How to Avoid Moving Scams
Moving is awful. More than 40 million moves occur each year, according to the U.S. Department of Transportation. Paying someone to handle most of the heavy lifting can be a great way to ease stress and tension. (See also: The ABCs of DIY Moving)
But it can also create a fiscal nightmare for consumers who aren't careful. Moving scams are increasingly common and can cheat unsuspecting consumers out of thousands of dollars in unnecessary fees or even result in lost or damaged items. Sleazy companies and below-board movers use an array of tactics to trick or deceive people, from phony estimates to charging huge deposits that they rarely return to the owner.
Education and common sense are the key tools in the fight against moving scams. Homework and due diligence aren't always at the front of mind for homeowners and apartment dwellers planning a major relocation. But a few simple steps can make a tremendous difference.
Here's a look at a few tips to help ensure you're safeguarded against unscrupulous businesses and skeezy opportunists.
Perform a Background Check
Before you even talk with potential movers, search the Better Business Bureau for jeers and cheers. This is a quick way to weed out companies that received more complaints than praises. You should go a step further and obtain at least three references from the companies you're considering. These should be local folks who can provide honest feedback on the company and its services. You can also talk with friends and family about movers they’ve employed. Check with the Department of Transportation to find out if the company is licensed and bonded.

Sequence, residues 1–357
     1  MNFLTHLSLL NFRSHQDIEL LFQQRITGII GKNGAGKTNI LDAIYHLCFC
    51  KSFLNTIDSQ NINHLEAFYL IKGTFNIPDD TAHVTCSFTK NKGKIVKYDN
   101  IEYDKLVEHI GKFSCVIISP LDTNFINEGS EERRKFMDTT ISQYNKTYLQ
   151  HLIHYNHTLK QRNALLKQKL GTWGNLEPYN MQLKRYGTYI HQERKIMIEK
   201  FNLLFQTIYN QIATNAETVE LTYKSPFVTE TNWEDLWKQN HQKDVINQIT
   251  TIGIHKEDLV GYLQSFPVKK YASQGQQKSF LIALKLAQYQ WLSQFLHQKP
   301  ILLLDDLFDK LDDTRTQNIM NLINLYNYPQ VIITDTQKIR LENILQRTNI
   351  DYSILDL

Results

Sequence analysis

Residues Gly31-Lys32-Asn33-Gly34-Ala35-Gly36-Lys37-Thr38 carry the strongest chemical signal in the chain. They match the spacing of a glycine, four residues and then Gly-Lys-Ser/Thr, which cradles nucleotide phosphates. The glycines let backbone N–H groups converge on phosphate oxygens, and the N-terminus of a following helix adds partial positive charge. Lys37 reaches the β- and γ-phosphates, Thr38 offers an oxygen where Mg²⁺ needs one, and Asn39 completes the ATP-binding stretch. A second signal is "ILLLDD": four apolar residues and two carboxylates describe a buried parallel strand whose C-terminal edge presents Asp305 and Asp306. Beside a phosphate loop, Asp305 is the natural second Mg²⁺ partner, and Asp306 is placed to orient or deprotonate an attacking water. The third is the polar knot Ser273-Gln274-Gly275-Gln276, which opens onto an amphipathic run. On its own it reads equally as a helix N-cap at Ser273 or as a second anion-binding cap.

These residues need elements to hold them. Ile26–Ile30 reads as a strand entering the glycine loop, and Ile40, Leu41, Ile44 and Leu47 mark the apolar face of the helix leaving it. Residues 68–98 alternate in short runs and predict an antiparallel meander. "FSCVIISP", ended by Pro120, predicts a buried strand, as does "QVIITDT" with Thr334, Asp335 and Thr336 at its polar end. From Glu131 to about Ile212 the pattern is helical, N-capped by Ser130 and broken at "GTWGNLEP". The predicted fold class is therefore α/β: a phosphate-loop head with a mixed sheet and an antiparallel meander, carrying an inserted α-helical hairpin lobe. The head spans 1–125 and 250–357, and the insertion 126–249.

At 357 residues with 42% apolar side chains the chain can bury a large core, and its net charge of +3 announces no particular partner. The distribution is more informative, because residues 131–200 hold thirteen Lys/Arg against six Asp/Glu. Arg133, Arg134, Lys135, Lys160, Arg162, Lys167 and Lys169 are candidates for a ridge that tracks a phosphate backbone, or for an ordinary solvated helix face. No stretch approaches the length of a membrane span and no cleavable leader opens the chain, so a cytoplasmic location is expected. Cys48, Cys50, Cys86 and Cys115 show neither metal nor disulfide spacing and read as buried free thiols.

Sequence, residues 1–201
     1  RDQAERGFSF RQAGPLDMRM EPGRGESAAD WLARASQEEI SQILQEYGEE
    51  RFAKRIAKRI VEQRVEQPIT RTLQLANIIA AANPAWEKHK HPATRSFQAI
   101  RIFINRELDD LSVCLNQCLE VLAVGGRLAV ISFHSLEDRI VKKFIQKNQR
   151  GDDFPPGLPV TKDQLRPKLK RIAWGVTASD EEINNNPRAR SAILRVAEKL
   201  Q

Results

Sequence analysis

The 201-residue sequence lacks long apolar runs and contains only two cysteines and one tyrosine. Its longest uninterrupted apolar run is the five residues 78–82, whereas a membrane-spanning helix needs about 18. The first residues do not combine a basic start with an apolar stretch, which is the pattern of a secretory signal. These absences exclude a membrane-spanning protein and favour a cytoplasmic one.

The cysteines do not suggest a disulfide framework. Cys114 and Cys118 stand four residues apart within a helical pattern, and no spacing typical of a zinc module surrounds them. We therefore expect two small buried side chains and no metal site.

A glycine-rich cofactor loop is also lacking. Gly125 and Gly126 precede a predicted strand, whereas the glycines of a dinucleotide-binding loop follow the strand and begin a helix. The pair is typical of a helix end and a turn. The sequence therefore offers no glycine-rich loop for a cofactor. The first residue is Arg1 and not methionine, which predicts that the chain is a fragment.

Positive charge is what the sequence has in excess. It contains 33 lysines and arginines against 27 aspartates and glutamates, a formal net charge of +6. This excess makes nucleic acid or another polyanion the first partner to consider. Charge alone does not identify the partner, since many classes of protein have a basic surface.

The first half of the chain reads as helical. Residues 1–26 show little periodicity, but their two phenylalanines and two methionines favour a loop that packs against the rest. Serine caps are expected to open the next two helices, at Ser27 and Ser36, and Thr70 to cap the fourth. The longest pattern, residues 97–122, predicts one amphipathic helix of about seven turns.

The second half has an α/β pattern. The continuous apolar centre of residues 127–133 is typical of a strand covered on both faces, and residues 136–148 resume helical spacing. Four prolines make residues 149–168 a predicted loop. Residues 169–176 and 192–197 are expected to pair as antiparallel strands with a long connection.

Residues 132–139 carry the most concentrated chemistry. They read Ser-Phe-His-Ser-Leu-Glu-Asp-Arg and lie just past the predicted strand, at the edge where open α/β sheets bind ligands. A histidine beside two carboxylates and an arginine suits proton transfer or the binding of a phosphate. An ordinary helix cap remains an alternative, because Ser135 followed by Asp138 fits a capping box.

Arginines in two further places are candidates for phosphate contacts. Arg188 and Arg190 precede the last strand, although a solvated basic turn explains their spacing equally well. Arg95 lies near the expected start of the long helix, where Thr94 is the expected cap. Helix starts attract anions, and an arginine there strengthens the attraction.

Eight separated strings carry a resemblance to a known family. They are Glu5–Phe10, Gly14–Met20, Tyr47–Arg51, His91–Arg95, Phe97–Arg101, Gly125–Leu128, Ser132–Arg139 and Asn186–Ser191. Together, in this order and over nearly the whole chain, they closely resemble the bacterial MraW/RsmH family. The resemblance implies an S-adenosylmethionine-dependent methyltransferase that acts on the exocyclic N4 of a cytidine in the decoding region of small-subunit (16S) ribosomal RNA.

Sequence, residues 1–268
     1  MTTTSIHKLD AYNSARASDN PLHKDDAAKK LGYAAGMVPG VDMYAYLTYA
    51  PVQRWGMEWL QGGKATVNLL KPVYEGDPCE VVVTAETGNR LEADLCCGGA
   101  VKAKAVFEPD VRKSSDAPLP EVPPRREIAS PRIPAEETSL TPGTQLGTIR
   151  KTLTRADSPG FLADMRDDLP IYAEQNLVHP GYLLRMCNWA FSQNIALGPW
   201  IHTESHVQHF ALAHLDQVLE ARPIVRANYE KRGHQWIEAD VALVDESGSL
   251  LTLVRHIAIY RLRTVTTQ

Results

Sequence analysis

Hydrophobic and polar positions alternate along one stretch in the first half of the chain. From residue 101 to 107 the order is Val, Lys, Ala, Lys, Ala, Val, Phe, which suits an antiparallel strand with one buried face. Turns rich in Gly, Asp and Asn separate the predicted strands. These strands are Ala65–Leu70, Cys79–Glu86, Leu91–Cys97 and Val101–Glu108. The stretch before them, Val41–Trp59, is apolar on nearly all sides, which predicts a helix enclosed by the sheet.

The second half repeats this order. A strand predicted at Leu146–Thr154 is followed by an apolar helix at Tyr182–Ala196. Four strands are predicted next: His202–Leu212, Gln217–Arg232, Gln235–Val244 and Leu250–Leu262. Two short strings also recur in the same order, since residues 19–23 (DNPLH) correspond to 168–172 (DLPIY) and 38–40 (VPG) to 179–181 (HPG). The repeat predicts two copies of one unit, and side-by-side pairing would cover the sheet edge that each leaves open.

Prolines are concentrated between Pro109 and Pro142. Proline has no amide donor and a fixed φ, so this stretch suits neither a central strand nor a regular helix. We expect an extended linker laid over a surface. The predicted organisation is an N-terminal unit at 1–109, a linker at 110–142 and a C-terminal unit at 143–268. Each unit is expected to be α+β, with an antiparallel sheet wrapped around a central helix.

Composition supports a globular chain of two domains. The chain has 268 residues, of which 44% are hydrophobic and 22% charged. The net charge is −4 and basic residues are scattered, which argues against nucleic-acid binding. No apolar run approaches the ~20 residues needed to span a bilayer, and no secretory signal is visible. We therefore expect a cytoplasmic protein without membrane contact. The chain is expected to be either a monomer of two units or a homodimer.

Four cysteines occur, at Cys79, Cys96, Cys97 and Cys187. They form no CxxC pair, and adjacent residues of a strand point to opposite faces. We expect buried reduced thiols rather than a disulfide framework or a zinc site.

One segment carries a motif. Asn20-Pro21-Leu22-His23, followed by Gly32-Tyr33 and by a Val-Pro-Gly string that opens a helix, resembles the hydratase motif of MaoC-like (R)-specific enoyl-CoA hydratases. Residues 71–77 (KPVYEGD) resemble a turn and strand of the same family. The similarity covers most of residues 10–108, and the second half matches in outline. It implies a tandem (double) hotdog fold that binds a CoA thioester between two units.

Pay the Right Price
Be suspicious of ridiculously low estimates or demands for a large deposit up front. Scammers frequently use both tactics. Ask moving companies what specials they’re offering and plan to line up three companies. Get quotes from all three, but it tell them why you might choose a competitor. This way you can negotiate a lower price. Give the companies as much detail as possible about your belongings and make sure you get a thorough estimation. The last thing you want is a mover holding your stuff hostage until you fork over a wad of bills.
Get It in Writing
It’s useless to get a verbal quote. Make sure to get a company’s quote on paper. You’re then protected legally, as it’s illegal for the movers to charge you more than 10% over what they quoted in writing. Any moving company that will not write down a quote will likely cause a headache. Have quotes broken down to every last detail: cost of weight, item conditions, and pickup and delivery dates. Ask the movers to estimate and record extra charges like truck weight, gas, and customs and convenience costs. Most importantly, get a not-to-exceed price on the written agreement.
Take Inventory of Your Possessions
Although this sounds like a painstaking task, it’s worth it. Insure everything you plan on moving. Pictures and lists of everything help in the instance that you need to file a claim with the insurance company.
Prepare for the Big Day
Confirm the address, time, and day of pickup and delivery several times with the moving company. Get the names of who will be picking up your belongings. When they arrive, ask for their names and paperwork that proves they’re your movers. The last thing you want to do is turn over your prized possessions to scammers.
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